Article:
p.p.s. - By the way... Cheryl said to feel free to pass these recipes around to your friends, coworkers and family members. - gfb3

p.p.p.s. - Plus... add your comments below so other developers can read what you have to say. - gfb3

Thursday, September 25, 2008

Letting an Idea Develop a Life of it's Own


Have you ever had a thought that developed a life of it's own?

It happens to me all the time.

Take for instance... I was talking with some acquaintances about a year ago, and mentioned the neighborhood needed another restaurant.

But, it had to have an image that restricted access and have specialty events to make it stand out from the status quo.

We exchanged some thoughts and came up with enough ideas to start three different business enterprises.

I thought the brain-storming session was a complete success and began to look for investors for the projects.

Several weeks later, I was driving past a restaurant that had been vacant for over a year, and noticed activity.

This was one of the locations we had discussed to be the perfect spot for any of the three businesses.

I was disappointed that it had been yanked out from our choices, but I was curious to see what the new owner would develop in this old "Quincy's Restaurant" facility.

After Quincy's closed and sold the property, it opened under several restaurant names, but they too closed eventually.

The current business owner seemed to be doing all the right things. I noticed the business names on the vehicles parked in the parking lot. Contractors of all sorts.

The windows were darkened and the building got a face lift by the contractors. Then I started noticing a couple of stretch limos in the parking lot.

I kept waiting on the sign to be replaced, but as of today, the steel frame remains empty without a business logo.

There is no indication as to whether it is a private club, lounge, restaurant, or banquet facility. Nor is there any clue as to the hours they are open for business.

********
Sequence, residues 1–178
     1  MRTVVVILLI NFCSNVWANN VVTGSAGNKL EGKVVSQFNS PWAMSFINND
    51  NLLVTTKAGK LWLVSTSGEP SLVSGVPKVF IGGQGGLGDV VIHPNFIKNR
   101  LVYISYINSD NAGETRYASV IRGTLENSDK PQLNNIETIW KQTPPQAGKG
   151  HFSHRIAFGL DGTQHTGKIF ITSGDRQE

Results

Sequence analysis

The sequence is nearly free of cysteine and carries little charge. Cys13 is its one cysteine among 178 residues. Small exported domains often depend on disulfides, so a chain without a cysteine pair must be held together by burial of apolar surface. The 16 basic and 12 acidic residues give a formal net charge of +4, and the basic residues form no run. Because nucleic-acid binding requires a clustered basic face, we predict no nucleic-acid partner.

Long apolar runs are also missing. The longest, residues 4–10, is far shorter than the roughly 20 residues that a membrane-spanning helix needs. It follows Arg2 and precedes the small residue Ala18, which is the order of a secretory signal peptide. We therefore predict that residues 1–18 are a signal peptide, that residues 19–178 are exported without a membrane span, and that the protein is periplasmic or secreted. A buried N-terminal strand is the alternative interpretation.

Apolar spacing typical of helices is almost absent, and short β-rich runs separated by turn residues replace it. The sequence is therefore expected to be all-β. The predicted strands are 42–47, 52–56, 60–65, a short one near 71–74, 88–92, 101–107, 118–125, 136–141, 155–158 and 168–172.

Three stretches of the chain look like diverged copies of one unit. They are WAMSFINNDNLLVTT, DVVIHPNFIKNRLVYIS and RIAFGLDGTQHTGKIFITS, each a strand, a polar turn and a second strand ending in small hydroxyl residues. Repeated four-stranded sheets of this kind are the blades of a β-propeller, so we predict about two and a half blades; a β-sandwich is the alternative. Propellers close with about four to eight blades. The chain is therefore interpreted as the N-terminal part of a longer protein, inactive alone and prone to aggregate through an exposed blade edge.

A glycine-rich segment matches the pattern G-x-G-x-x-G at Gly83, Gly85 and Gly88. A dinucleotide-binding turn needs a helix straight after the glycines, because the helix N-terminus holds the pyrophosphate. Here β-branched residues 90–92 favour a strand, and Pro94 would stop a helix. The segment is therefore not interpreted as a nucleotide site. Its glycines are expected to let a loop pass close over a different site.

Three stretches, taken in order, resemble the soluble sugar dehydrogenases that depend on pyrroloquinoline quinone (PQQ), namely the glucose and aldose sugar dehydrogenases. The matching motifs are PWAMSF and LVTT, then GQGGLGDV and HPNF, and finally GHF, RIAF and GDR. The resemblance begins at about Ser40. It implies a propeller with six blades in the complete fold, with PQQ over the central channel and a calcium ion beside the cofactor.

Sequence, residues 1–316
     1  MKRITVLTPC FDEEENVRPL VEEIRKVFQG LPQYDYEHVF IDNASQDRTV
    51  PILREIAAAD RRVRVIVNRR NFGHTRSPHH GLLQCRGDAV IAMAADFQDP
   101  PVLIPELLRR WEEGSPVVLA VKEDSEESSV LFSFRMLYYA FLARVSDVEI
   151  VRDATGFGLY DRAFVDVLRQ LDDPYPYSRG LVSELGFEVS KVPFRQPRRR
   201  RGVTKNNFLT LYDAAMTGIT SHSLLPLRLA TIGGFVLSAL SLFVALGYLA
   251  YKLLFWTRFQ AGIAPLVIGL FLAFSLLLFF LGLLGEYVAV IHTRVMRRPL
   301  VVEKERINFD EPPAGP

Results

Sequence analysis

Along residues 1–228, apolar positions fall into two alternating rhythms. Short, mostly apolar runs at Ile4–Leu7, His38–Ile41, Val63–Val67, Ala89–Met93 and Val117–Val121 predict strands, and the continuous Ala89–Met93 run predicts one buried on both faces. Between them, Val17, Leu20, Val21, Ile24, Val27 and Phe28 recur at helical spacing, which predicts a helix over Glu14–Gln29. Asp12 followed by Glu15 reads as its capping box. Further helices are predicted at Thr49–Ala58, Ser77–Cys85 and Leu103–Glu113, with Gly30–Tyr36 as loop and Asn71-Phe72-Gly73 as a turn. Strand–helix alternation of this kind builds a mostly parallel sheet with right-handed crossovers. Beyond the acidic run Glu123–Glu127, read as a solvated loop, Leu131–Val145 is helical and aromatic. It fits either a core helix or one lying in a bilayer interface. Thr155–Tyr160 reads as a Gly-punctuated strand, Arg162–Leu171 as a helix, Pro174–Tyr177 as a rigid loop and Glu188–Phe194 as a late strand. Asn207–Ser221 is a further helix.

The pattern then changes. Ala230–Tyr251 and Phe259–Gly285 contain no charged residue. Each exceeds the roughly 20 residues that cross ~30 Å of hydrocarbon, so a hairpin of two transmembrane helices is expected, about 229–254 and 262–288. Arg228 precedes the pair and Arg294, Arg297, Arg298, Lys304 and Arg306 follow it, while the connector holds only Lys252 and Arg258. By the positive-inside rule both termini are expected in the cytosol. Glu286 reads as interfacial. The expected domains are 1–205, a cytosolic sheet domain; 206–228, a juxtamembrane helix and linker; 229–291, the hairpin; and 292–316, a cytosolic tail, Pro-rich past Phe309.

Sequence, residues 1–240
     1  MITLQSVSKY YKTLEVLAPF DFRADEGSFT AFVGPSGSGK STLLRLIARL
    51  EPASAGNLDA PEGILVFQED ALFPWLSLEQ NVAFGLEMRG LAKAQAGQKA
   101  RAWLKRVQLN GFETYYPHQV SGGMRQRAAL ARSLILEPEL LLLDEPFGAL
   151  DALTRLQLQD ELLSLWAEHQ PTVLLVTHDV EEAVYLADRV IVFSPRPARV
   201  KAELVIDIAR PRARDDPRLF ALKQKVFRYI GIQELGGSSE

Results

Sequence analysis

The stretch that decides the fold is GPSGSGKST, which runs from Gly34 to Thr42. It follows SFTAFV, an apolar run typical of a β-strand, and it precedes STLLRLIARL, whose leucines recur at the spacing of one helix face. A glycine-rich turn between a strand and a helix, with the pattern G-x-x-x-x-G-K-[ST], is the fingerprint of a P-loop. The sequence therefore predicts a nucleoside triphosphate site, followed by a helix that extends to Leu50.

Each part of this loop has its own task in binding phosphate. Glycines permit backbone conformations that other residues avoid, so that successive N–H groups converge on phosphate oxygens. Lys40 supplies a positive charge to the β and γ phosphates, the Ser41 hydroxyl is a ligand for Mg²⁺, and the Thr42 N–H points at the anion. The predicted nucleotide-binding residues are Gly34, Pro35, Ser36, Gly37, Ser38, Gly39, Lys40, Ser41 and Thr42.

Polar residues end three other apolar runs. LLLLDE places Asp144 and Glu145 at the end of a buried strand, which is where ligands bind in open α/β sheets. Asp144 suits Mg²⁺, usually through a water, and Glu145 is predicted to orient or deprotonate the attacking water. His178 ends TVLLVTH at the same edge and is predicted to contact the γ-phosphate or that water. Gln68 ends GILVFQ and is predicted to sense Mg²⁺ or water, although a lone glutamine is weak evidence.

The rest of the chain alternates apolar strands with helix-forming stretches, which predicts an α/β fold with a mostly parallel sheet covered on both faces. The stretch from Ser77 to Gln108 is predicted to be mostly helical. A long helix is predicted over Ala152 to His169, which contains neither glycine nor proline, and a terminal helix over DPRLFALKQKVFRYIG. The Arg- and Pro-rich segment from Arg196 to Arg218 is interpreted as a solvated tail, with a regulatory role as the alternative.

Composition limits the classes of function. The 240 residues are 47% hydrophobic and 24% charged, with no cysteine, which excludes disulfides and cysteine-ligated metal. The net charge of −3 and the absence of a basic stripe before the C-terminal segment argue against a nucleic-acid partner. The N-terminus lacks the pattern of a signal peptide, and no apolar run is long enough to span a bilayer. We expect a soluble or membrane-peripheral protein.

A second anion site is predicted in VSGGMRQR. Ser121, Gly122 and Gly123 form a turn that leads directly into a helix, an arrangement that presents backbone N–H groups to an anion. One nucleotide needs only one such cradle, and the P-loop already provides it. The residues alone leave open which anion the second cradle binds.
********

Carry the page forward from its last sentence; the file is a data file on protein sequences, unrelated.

I haven't visited the establishment nor have I met the owner(s). The parking lot is never full, and I do see some activity when a limo or two and several cars are in the parking lot.

Hopefully the business will succeed. The community has had some economic ups and downs. However, the current trend seems to be on an improvement climb.

I suspect that either someone in that initial brainstorming session, or somebody one of us discussed the project, found the idea to be good enough to take action.

Or, this is further proof that great minds think alike.

Either way, the final result should be the same... An improved community in which to enjoy our lives.

What idea has taken on a life of it's own in your life? Did someone else take action on it before you did, or did you put it into action yourself?

Until next time...

Consultant Girard Frank Bolton, III.
The Developers Advocate

p.s. - If you would like to review the summary of the three business projects we believe would return a decent return on our investments, just ask, and I will email the summary to you. - gfb3

p.p.s. - Remember: Before making final personal, business and social development decisions, make sure you do your own research and consult with your trusted advisers. - gfb3

Friday, September 5, 2008

Joe Brantley - Sharing A Bright and Shining Spirit


If you haven't figured it out by now, I get along with most people. I like to share smiles and strike up conversations with most everyone.

That's why I enjoy going to the neighborhood coffee shop to eat and drink coffee while engaging in conversation with interesting people.

Although, I have to admit, I eat there way too often. (2-3 times a day including eating supper with Cheryl.) I figured it out the other day... I probably spend at least $6,000 a year eating there.

Anyway... over a year ago, an incident happened that warmed my heart immensely.

I was telling the regulars (that's what they called us) about me joining an eight-ball pool league at Legends. I told them that I like to shop on e-bay, and had won the bid on a couple of pool sticks.

One of the men spoke up and said "Man, you're wasting your money." I told him that I thought I got a good deal by buying two sticks for less than $20 and that included shipping and handling.

He then said "I got a stick you might like."

I didn't think much about it and the subject changed.

The next day, Cheryl and I sat down at the low counter. I noticed... the man I was talking with the day before... got up and went to his van.